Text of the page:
Bruce Nussbaum posted his 10 best books on innovation to get you through the recession. As a student who is on the supply side of the design/innovation job market, the prospect of a recession is quite troubling. But at least when I start collecting my unemployment checks, I'll have some good books to read. Here they are:
1- The Opposable Mind: How Successful Leaders Win Through Integrative Thinking by Roger L. Martin.
2- Prophet of Innovation: Joseph Schumpeter and Creative Destruction by Thomas K. McCraw.
3- Meatball Sundae: Is Your Marketing Out of Sync? Seth Godin.
4- The Design of Future Things by Don Norman.
5-Innovation Nation by John Kao.
6- Wikinomics: How Mass Collaboration Changes Everything by Don Tapscott.
7-The Future of Management by Gary Hammel.
8- Made to Stick: Why Some Ideas Survive and Others Die, by Chip Heath and Dan Heath.
9- The Laws of Simplicity by John Maeda.
10- Everyday Engineering: What Engineers See, by Andrew Burroughs.
I'm moving to Chicago this week. Rather than carting my belongings across the country in a U-Haul, I decided to use the Door-to-Door moving service. Yesterday, my wife and I received two small shipping containers into which we crammed all of our possessions. In two weeks, they are to arrive at our new apartment in Evanston.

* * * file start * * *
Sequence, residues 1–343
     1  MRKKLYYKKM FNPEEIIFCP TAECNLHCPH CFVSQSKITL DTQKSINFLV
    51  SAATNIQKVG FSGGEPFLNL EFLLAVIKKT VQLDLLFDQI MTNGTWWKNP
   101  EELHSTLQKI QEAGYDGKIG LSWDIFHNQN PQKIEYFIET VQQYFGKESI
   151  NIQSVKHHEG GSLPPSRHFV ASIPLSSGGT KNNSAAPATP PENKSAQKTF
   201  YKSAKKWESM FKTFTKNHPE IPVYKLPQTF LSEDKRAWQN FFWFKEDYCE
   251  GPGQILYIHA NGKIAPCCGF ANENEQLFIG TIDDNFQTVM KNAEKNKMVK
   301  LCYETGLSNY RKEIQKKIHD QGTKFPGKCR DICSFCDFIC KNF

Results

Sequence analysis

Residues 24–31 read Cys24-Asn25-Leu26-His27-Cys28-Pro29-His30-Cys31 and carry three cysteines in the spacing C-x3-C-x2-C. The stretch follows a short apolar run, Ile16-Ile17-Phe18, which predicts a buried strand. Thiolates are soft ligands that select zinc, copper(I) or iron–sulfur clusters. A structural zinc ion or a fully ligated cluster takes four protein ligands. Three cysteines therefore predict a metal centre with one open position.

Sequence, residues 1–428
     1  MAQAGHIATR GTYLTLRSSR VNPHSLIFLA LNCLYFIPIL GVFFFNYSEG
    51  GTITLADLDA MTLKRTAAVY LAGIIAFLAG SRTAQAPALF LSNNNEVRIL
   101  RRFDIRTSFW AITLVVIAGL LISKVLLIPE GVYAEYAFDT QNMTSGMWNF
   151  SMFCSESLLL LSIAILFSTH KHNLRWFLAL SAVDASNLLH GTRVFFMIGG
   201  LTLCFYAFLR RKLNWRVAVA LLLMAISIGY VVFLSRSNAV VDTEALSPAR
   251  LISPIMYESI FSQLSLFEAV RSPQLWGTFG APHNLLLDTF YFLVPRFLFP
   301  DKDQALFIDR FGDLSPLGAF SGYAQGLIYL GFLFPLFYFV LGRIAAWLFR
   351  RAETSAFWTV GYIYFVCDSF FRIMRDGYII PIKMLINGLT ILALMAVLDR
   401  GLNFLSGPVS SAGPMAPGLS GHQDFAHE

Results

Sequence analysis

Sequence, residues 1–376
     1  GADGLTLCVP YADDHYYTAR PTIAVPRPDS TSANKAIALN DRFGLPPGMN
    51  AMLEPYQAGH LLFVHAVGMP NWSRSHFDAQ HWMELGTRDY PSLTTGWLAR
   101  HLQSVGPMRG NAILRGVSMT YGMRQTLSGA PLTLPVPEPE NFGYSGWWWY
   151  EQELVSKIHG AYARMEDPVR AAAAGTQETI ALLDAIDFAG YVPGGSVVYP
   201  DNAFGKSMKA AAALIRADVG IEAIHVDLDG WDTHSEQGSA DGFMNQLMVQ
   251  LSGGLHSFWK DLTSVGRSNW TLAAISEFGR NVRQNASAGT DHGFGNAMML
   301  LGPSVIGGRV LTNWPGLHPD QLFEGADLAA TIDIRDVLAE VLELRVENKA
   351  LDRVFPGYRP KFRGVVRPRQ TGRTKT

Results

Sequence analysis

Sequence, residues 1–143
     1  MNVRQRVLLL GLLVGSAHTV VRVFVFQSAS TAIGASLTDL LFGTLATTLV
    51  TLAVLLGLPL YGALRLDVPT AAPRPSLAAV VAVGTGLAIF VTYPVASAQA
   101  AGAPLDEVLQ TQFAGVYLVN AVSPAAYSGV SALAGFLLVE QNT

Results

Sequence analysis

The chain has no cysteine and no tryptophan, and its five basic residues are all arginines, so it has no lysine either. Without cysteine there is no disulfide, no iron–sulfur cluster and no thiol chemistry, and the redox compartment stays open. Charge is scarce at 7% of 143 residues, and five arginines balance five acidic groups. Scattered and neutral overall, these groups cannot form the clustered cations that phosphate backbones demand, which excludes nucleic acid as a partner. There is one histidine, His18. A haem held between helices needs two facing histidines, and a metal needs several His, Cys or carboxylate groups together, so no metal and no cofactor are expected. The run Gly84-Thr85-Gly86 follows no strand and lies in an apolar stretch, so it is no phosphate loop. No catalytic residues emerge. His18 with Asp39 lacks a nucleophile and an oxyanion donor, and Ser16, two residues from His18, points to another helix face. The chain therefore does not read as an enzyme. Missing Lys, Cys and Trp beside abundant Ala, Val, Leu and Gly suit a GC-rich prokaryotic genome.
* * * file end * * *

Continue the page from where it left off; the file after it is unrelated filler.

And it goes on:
There's something terrifying, and at the same time exhilarating, about temporarily parting with our belongings. There's the comfort of the highly-secured containers, contrasted against the mystery and uncertainty of whether all will be lost. I've been struggling to identify what the design lesson is here, but I'm sure there is one.
"From regional color preference to getting in and out to hand signals to
family time spent in the car to places to put "stuff" to where couples
like to sit, the report covers the relationship owners have with their
vehicles in hopes that the research will provide a base to achieve as
high a caliber of design and engineering for the user's experience as
is already implemented for physical performance."
There's a great section of Ducati.com dedicated to the company's heritage. The site chronicles the history of Ducati products for each decade from the 1920's through the 2000's, and includes a fabulous photo series:
1920s: Ducati was founded in 1928 and initially produced tubes, condensers, and other radio components.